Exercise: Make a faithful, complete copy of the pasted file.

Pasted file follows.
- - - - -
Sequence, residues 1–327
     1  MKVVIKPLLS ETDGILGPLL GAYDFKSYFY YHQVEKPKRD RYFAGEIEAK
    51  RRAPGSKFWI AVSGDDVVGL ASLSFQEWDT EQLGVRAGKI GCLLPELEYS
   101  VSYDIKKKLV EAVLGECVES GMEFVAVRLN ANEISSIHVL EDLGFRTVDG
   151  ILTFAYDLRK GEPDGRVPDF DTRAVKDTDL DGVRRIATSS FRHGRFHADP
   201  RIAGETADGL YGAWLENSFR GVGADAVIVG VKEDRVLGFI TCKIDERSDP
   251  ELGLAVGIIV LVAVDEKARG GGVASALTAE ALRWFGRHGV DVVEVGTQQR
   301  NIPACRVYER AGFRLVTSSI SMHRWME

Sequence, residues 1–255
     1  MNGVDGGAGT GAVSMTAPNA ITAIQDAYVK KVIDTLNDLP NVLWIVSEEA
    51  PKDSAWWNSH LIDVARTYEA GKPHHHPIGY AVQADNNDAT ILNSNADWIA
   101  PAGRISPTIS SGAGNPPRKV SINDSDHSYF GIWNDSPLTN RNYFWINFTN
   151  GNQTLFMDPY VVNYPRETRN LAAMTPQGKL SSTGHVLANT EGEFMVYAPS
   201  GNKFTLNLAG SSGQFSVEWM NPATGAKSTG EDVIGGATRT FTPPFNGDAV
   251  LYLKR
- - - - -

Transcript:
Sequence, residues 1–327
     1  MKVVIKPLLS ETDGILGPLL GAYDFKSYFY YHQVEKPKRD RYFAGEIEAK
    51  RRAPGSKFWI AVSGDDVVGL ASLSFQEWDT EQLGVRAGKI GCLLPELEYS
   101  VSYDIKKKLV EAVLGECVES GMEFVAVRLN ANEISSIHVL EDLGFRTVDG
   151  ILTFAYDLRK GEPDGRVPDF DTRAVKDTDL DGVRRIATSS FRHGRFHADP
   201  RIAGETADGL YGAWLENSFR GVGADAVIVG VKEDRVLGFI TCKIDERSDP
   251  ELGLAVGIIV LVAVDEKARG GGVASALTAE ALRWFGRHGV DVVEVGTQQR
   301  NIPACRVYER AGFRLVTSSI SMHRWME

Sequence, residues 1–255
     1  MNGVDGGAGT GAVSMTAPNA ITAIQDAYVK KVIDTLNDLP NVLWIVSEEA
    51  PKDSAWWNSH LIDVARTYEA GKPHHHPIGY AVQADNNDAT ILNSNADWIA
   101  PAGRISPTIS SGAGNPPRKV SINDSDHSYF GIWNDSPLTN RNYFWINFTN
   151  GNQTLFMDPY VVNYPRETRN LAAMTPQGKL SSTGHVLANT EGEFMVYAPS
   201  GNKFTLNLAG SSGQFSVEWM NPATGAKSTG EDVIGGATRT FTPPFNGDAV
   251  LYLKR